I started at Oxford in 2014, where I studied for a Masters in Physics. During the summer in 2017 I worked with Prof. Myles Allen and others on greenhouse gas metrics which and carbon budget estimation. In the final year I specialised in climate science, including taking the Atmospheric, Oceanic and Planetary Physics course. Having finished my Masters in 2018 I began a DPhil. The PhD is funded by NERC and sits under the Environmental Research DTP here at Oxford.
In my PhD I am researching the trends in non-CO2 contributions to contemporary global warming. Over the last two decades many datasets which reflect the energy balance of the climate system suggest that the anthropogenic contribution to global warming has accelerated. Determining whether this is the case is extremely important, as present day trends in anthropogenic global warming are the single most important variable for policymakers determining the scale and timing of climate policy in the coming decades.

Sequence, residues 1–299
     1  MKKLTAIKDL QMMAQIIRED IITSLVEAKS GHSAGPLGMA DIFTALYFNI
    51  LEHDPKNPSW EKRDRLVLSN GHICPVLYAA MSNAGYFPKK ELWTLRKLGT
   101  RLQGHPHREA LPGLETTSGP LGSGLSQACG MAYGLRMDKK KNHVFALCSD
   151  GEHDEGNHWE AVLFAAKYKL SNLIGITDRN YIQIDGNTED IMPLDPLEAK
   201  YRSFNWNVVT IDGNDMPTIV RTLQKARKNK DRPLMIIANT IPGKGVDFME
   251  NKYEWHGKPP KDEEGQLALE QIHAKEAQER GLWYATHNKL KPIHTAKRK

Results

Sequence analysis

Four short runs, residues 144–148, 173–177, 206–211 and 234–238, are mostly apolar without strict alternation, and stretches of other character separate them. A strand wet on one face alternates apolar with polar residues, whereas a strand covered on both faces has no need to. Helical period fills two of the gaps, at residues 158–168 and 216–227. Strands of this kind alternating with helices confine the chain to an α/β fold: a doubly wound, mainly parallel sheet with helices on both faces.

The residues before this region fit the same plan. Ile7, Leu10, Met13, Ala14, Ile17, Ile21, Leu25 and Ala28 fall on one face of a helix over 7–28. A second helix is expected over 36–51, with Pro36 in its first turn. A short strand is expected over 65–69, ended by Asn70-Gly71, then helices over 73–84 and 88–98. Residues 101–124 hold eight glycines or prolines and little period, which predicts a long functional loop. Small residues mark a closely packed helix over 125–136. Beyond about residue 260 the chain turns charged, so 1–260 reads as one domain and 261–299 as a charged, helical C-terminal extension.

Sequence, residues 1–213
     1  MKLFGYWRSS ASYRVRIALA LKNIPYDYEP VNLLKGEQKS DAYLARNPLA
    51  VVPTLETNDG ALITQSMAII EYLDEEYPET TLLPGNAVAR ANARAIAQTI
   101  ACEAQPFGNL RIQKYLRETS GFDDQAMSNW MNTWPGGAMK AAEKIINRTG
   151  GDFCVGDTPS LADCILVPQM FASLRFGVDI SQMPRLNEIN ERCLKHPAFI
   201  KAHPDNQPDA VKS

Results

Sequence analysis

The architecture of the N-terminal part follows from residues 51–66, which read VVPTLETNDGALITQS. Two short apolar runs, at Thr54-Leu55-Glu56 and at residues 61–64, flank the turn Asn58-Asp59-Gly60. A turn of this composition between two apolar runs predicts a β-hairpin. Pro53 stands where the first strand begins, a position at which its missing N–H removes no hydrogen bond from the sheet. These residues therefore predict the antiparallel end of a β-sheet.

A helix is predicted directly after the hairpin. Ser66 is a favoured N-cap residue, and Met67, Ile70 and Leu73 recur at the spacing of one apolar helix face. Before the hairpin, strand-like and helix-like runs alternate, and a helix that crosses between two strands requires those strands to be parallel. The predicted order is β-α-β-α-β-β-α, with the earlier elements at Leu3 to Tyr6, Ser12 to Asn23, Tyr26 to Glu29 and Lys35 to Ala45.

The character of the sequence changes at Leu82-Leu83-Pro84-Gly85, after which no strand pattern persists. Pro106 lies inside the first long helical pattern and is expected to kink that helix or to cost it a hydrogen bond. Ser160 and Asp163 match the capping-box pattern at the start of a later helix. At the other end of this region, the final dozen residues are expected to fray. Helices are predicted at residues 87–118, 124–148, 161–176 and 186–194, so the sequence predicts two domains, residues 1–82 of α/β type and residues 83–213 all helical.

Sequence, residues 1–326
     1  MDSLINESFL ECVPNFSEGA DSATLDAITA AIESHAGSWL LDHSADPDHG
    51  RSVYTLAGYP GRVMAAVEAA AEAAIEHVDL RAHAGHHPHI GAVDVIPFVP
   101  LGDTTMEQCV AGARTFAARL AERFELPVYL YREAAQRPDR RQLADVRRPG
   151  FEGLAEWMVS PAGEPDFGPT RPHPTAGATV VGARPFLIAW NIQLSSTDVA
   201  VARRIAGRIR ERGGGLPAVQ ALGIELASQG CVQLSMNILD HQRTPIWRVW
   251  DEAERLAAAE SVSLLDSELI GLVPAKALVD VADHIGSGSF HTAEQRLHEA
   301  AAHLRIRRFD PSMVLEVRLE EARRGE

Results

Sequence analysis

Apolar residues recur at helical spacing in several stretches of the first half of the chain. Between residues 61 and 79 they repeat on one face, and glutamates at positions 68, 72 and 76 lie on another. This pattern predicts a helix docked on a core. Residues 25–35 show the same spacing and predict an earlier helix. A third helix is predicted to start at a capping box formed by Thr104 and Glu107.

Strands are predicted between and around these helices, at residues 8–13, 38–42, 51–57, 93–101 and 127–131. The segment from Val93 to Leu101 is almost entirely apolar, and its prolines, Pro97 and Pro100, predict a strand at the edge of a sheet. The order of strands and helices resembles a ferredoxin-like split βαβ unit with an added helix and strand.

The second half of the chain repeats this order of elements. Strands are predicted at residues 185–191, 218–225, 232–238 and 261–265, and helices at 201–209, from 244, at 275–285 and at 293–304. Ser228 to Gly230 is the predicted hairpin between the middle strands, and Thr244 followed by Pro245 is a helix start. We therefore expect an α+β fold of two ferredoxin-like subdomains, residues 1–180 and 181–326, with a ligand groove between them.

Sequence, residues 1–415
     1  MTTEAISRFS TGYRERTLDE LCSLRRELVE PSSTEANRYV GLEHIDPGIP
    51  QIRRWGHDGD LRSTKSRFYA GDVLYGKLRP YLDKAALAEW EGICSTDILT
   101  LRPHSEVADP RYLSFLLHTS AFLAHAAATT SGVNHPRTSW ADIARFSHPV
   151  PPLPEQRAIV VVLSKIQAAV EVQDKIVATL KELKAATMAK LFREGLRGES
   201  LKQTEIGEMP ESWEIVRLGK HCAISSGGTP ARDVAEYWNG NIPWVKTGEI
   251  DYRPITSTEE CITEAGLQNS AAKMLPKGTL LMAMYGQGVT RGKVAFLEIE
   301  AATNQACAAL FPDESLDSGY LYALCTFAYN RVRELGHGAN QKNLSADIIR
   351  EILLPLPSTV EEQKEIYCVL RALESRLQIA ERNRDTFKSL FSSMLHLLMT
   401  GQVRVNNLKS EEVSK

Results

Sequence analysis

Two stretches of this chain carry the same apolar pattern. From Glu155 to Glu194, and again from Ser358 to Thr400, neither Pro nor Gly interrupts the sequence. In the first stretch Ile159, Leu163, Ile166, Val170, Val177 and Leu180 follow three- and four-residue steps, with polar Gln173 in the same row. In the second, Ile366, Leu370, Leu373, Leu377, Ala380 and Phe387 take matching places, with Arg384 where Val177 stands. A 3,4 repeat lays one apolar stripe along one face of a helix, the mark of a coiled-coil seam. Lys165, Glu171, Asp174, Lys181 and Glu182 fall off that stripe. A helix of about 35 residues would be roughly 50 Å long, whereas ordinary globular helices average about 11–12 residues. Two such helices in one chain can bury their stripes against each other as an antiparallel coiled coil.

In order to assess the contributions to global warming, I analyse satellite observations of the climate system over the last 20 years, and use the information gained alongside global climate models to fingerprint the individual contributions from a range of pollutants to recent trends. The focus is on aerosols, as these are assumed to have contributed the most to recent trends.
Output from this work has a fairly large policy significance at present, and I am also interested in applications of physical climate research in the business and policy arenas.